More than half of the decided applications to pay for remediation of non-ACM clad buildings so far refused

More than half of decided applications for a £1bn fund to pay for the remediation of flammable non-ACM have been refused, according to government figures.

The housing ministry said that it had so far made decisions on 138 of the 2,784 applications made to the fund since it launched in May, and that just 65 applications had been approved – with 73 turned down.


That equates to 47% of decided applications being approved, and 53% refused. 

Compared to the total number of buildings which have applied for the funding, the 65 approvals represent just over 2% of the total. However, the process is ongoing, and the government said the vast majority of applicants – 83% - hadn’t yet provided enough information in their bids for the department to make a decision.

The figures are the first released confirming the scale of demand for the fund, which the Sunday Times last month reported was far higher than officials had been expecting.

The figures follow a report published earlier this summer, by the housing select committee which concluded that the £1bn pledged to repair buildings with dangerous non-ACM cladding would likely be sufficient to cover only a third of the problem. It said stringent rules on applying to the fund, including a short application window and restrictions against social housing providers, risked leaving many unable to access vital funding.

More recently Meg Hillier, chair of the public accounts committee, published a highly critical report on the government’s progress telling it to stop arguing over responsibility for the work and get the problem sorted.

The department, however, has said there is no limit to the number of applications that can be made to the fund, albeit that funds will be allocated on a first-come first-served basis.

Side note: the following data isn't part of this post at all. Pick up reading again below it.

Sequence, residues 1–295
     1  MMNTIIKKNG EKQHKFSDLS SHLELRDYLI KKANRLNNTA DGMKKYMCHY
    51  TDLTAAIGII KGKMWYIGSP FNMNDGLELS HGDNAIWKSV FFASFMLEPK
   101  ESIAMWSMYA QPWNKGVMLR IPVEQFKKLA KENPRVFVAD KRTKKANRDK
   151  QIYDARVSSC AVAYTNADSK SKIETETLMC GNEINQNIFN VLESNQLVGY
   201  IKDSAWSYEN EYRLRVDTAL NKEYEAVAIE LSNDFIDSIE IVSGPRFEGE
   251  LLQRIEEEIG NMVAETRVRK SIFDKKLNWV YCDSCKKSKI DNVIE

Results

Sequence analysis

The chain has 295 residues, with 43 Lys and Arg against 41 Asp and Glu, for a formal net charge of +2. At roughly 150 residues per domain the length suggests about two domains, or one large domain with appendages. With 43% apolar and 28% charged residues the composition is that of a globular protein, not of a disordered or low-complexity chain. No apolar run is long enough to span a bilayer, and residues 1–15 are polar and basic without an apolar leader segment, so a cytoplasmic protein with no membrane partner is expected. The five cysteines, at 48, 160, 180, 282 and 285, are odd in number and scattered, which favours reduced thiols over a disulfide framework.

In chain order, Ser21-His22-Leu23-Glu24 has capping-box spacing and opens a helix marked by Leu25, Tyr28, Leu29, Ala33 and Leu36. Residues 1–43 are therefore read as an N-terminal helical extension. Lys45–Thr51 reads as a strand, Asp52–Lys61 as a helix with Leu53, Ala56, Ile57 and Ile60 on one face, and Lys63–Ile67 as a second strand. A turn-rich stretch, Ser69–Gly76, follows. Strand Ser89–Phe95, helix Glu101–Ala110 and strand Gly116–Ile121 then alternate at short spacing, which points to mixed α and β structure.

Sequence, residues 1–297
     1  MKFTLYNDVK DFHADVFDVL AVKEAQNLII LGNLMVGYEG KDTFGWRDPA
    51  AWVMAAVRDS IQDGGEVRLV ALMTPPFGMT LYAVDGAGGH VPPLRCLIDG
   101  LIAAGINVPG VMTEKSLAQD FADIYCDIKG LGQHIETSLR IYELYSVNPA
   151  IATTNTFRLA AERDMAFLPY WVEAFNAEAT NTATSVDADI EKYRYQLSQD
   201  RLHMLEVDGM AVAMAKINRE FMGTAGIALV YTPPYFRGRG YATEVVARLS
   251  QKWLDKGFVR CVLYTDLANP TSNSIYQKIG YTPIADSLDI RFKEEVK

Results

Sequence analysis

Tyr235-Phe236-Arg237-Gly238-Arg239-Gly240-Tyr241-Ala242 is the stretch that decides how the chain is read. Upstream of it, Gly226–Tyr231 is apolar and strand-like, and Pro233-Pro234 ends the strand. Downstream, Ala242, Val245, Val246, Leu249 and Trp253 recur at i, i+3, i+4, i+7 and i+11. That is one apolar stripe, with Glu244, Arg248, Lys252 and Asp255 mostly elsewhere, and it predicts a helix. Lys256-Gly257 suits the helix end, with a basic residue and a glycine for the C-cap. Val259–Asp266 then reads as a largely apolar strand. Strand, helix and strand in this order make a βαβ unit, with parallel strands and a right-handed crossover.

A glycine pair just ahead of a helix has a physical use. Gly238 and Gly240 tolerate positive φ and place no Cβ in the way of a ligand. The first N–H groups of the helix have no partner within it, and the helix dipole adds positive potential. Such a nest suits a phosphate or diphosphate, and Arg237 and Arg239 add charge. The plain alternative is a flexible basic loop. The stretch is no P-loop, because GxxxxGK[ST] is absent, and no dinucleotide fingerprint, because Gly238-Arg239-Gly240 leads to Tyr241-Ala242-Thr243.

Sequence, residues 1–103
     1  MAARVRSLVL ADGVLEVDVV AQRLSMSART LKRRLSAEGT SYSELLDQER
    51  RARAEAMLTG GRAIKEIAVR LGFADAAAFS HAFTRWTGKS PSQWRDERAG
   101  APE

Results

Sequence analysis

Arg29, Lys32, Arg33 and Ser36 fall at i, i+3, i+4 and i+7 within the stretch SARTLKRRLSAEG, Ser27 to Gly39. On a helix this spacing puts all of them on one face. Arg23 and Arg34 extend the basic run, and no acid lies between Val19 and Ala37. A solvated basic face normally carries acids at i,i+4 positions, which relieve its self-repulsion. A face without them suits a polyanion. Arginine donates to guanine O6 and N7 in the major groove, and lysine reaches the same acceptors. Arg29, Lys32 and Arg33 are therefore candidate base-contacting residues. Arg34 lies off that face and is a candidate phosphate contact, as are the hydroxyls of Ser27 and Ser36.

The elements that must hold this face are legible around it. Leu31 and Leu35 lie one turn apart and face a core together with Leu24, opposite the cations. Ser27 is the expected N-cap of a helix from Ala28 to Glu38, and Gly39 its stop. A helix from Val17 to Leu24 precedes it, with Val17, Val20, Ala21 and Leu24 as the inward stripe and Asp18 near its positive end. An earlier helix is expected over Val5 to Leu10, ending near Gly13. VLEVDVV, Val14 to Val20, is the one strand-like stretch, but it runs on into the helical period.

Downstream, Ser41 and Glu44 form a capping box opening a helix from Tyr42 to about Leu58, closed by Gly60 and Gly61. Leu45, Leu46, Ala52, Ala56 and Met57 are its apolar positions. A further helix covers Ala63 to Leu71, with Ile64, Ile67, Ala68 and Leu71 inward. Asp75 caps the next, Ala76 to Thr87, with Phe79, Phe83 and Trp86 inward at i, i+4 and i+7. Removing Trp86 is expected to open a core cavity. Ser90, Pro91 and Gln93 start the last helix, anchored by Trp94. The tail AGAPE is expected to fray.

In response to the select committee report, the housing ministry said: “Government funding should not be the only means of remediating high-rise residential buildings with unsafe non-ACM cladding systems and both the social and private sector are expected to play a part in ensuring that their buildings are made safe.”

It added that building owners should meet the costs of repairs without passing them on to leaseholders in the first instance, either through their own resources, or by recovering costs from warranty schemes, or the developers or contractors responsible for the cladding.

It also accepted that the fund will not pay for the majority of the costs of remediating housing blocks owned by social landlords.

The government figures showed that seven councils areas have seen applications submitted for more than 100 blocks, with 282 submitted within Tower Hamlets, more than double at the next most prolific authority, Manchester. Newham, Westminster, Southwark, Birmingham and Greenwich are the other authorities in which more than 100 applications to the fund have been made. 

A housing ministry spokesperson said the department’s priority was making homes safer, faster. The spokesperson said: “We are already working to progress eligible applicants to the Fund to the next stage – so we can begin the remediation process as quickly as possible.

“It’s disappointing so many building owners – who are responsible for making sure their buildings are safe – have been unable to provide the basic information we need to progress and we urge them to do so as quickly as possible.”